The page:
She also enjoyed putting a young woman in charge of the search for him. “What does that mean in terms of the situations she has to place herself in a way that a man might not think twice?” Foley recalls a night walking home with her husband in London when they were crossing over some dark train tracks. “We heard a scream and it just really struck me because my husband’s immediate reaction was let’s go investigate, someone’s being attacked. And mine was like, let’s go home and call the police.” It turned out to be foxes, but the point was made. “That moment crystallised so much.”

She recently read something a male writer wrote, “He just said, I love wandering around at night on my own to get inspiration for my books. If only that was available to me as a female writer. I’m not gonna go wandering around dark alleyways and streets on my own, its just asking for trouble.”

She tells me that she went to university with Sarah Everard.

“When you start thinking about it, it makes me so angry because there is literally nothing stopping a woman being able to walk around outside at night, other than that 1 per cent of people who would do them harm. We should be able to do that. It blows your mind when you start thinking about it.”

I've always tried to focus on just writing the book that I as a reader would like to read, or that I as an editor would like to land on my desk

Before she became a writer, Lucy worked as an editor for seven years. Does that make her very aware of the commercial realities of the industry when she’s writing?

"There's probably an element of that. But you don't want to listen to that voice too much because often in publishing something comes along, like an Eleanor Oliphant, the sort of book that no one could have seen coming. It just blows everything wide open. I've always tried to focus on just writing the book that I as a reader would like to read, or that I as an editor would like to land on my desk."

With The Hunting Party, one reviewer accused her of writing “a novel of privilege”. She concedes the point. “It’s why I love watching a show like Succession; watching these very privileged characters, and seeing how miserable they are.” There’s wealth in The Paris Apartment too, but the key for Foley “is always having a modern formulation of the Upstairs Downstairs dynamics. Ordinary characters who are, in some ways, the most clear-sighted, holding the ‘Upstairs’ characters to account. I think if you’ve ever worked as a waitress, you see the way people talk as though you weren’t really there. I did a lot of waitressing and it’s all material. I even thought at the time, one day I’ll write a book and use this!”

There's no question that crime writing is increasingly female-dominated. "I think all my favourite crime writers, historic and current, are women – Patricia Highsmith, Daphne du Maurier, Louise Candlish. It's very much in that female tradition of thriller writing."

While acknowledging she’s making sweeping generalisations, she says: “I think women are great at, I don’t want to say domestic, because that belittles it and makes it small, but I think women are great at that insight into character. There are some brilliant, male crime writers out there, but we’re more interested in the motivation and the repercussions and the emotional stuff surrounding a crime.”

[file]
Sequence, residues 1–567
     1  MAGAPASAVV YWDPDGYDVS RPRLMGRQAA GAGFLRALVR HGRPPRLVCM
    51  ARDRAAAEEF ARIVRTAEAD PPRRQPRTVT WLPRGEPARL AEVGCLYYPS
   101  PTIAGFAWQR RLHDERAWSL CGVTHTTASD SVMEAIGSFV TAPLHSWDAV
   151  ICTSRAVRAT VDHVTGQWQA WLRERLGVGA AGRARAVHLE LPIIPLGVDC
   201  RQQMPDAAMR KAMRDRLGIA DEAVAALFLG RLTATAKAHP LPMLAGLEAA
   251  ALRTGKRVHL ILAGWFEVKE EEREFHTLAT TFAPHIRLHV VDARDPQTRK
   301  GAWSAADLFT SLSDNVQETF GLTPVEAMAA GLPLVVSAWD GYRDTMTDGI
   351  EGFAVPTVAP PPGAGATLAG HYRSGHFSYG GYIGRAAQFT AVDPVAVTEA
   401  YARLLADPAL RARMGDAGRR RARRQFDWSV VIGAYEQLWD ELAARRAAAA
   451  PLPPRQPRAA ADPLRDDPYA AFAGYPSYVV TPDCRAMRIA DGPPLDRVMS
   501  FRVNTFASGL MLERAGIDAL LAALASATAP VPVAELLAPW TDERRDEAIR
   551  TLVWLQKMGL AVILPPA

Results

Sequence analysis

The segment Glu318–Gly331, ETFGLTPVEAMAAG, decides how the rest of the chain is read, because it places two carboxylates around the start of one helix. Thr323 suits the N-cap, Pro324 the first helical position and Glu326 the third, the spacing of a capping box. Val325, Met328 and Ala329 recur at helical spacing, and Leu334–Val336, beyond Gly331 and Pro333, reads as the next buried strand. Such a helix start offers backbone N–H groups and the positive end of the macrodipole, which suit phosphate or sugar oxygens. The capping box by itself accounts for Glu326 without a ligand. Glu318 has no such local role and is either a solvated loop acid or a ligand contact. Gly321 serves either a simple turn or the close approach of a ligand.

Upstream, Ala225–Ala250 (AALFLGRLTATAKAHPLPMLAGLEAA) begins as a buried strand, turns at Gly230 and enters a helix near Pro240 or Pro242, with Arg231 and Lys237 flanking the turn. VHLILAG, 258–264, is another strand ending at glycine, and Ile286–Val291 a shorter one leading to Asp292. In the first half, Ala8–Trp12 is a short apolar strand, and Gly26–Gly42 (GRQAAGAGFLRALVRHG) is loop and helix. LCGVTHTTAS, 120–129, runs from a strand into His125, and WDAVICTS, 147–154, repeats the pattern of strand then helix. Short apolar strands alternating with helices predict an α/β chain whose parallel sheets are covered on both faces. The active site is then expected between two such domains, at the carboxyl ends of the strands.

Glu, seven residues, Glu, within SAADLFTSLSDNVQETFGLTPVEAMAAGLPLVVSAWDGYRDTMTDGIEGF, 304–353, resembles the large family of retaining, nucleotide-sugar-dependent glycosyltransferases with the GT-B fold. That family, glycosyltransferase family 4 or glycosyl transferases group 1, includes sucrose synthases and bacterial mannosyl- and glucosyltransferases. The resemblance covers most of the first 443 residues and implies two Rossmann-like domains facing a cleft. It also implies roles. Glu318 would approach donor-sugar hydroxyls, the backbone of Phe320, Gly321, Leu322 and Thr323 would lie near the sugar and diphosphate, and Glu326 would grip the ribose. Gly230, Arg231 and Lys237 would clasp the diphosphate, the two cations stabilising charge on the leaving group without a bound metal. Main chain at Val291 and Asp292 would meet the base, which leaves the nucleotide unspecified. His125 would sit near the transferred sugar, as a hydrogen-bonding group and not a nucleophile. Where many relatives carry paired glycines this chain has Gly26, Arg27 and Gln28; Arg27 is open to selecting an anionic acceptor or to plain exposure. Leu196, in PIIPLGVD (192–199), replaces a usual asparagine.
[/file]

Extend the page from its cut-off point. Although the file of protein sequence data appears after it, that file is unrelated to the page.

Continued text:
She sees crime fiction being taken more seriously now. "Especially when you have serious writers like Kate Atkinson and John Banville stepping into that space. The crime writing community is such a big community with quite a loud, powerful voice now and everyone's so welcoming. It was great seeing Belinda Bauer shortlisted for the Booker."

And crime thrillers sell.

“You have the prizes, we’ll take the book sales,” she laughs, “No, that’s awful.”

Maybe there’s no shame in wanting to make a living?

“And actually be read by people. I think there has been a snobbishness about plot as well. That’s partly what underpins it, because plot is so crucial to crime fiction. But you look at Dickens, a book like Great Expectations, the plotting and the twist in that is jaw dropping. That is the sort of twist you get in crime fiction. I love a really well-written yarn too. I think people like that.”

There's something wonderful about knowing that you're going to have like a satisfying ending to the story

What does she think people will want to read as we come towards the end (hopefully) of the pandemic? Might crime fiction offer a certain comfort?

“What I find satisfying about writing the kind of book I write, as a reader and as a writer, is that there’s a sense of just desserts. People are punished for their wrongdoing and everything’s going to be solved for you. There’s a real comfort in that. One of the things that is so distressing about Covid at the moment is that we don’t really know when it’s going to end. We’re in a funny holding pattern and that’s psychologically unsettling.

"There's something wonderful about knowing that you're going to have like a satisfying ending to the story. There's also a sense in politics at the moment that the baddies are winning. Look what's going on in Ukraine, in our politics in the UK. So it's quite satisfying to see people get their just desserts."

And so to the Irish passport. Can we claim Lucy Foley as our own?

She actually sought out her Irish citizenship before Brexit. Her grandfather is from Connemara and she spent a lot of time there as a child. "I've always felt really close to Ireland and have so much family there." That will be the Wordle-posting cousins.

She planned to get her Irish passport when she was thinking about having a child. "I'd want them to have that as part of their identity as well." The political motivation came later. After Brexit, "I want to be part of Europe. My European-ness has always been really important to me. That's all felt quite sad."